Control and Prevention of Malaria Project (CAP-Malaria)

Overview

This project aims to prevent malaria and contain the spread of multi-drug resistant Plasmodium falciparum (P. falciparum) malaria in the Greater Mekong Subregion. P. falciparum is the most common and the most deadly parasite that causes malaria in humans. The best available treatment, particularly for P. falciparum malaria, is artemisinin-based combination therapy (ACT).

A second challenge is the quality of treatment: self-medication and poor treatment, particularly in the unregulated private sector, make it increasingly difficult to ensure proper drug use. Counterfeit and substandard antimalarial medications–which can cause death, undermine confidence in malaria treatment, and increase drug resistance–are also highly prevalent.

Key Activities

  • Develop and scale up cost-effective vector control interventions to prevent the transmission of malaria
  • Improve the quality and effectiveness of diagnosis and treatment of malaria at the community and health facility levels
  • Reduce management bottlenecks of national malaria control programs and local institutions to implement and monitor malaria control activities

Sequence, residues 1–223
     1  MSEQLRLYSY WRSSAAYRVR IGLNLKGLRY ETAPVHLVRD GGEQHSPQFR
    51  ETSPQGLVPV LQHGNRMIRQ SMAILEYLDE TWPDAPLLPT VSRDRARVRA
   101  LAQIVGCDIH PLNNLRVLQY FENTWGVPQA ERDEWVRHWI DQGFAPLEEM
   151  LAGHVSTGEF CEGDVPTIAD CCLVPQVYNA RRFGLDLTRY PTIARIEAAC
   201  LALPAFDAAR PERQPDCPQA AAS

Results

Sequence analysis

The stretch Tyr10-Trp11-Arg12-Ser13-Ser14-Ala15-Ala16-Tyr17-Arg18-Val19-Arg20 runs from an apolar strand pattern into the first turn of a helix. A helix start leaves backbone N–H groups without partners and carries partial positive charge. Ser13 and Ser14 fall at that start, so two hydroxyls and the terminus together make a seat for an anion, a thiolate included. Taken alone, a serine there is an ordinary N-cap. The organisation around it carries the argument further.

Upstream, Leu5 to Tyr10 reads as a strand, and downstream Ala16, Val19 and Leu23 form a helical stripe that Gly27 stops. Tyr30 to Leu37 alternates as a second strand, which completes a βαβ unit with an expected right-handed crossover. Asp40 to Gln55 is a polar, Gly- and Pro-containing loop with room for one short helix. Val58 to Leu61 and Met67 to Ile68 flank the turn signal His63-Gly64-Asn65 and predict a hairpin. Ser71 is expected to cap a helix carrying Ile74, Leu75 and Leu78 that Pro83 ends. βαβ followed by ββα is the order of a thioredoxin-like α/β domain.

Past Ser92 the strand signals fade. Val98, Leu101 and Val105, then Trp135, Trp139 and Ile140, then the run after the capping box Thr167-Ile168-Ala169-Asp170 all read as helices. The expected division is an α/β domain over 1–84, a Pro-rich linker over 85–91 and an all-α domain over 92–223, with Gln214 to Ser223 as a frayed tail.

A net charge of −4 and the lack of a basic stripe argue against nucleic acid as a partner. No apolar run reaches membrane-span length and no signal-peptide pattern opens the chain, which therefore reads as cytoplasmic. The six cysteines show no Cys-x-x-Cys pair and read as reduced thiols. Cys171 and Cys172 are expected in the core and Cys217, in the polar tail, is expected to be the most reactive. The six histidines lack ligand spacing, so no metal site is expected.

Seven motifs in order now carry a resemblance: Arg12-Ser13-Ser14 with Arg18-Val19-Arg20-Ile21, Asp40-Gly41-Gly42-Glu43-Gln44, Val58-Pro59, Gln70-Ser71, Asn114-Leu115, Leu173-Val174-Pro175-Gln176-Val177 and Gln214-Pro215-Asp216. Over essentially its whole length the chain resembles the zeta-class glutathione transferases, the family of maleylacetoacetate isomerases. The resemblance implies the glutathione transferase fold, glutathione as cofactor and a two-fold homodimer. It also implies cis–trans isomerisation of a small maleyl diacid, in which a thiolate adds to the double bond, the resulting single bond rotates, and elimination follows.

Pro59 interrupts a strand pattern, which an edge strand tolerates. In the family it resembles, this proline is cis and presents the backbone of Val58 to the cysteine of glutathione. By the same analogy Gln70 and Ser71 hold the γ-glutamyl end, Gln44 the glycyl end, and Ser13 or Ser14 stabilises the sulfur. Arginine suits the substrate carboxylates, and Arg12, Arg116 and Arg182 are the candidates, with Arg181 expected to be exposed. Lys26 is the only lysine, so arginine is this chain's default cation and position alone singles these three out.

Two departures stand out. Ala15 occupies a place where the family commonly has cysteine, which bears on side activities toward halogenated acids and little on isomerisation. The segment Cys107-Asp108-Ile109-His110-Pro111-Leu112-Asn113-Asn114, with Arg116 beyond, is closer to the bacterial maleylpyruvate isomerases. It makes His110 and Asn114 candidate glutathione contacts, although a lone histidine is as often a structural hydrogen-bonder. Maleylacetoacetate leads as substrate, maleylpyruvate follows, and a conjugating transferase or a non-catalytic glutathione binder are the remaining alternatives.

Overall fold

• Support the establishment and maintenance of strategic information for malaria control

The CAP-Malaria Project is funded by United States Agency for International Development (USAID) RDMA under Cooperative Agreement Number AID-486-A-12-00001. The project team includes prime recipient University Research Co., LLC (URC) and sub-recipient organizations, including Save the Children.

The picture shows one forest goer family who receiving the LLIN through the identified touch point in Siem Pang district of Stung Treng province.
In Cambodia, a family receives their LLIN through the identified touch point in Siem Pang district of Stung Treng province (2014)
Duration
2011 to present
Funders 
US Agency for International Development Regional Development Mission for Asia (USAID RDMA)
Partners 
Save the Children Myanmar
Kenan Institute Asia
Geographic Scope 
Greater Mekong Sub-region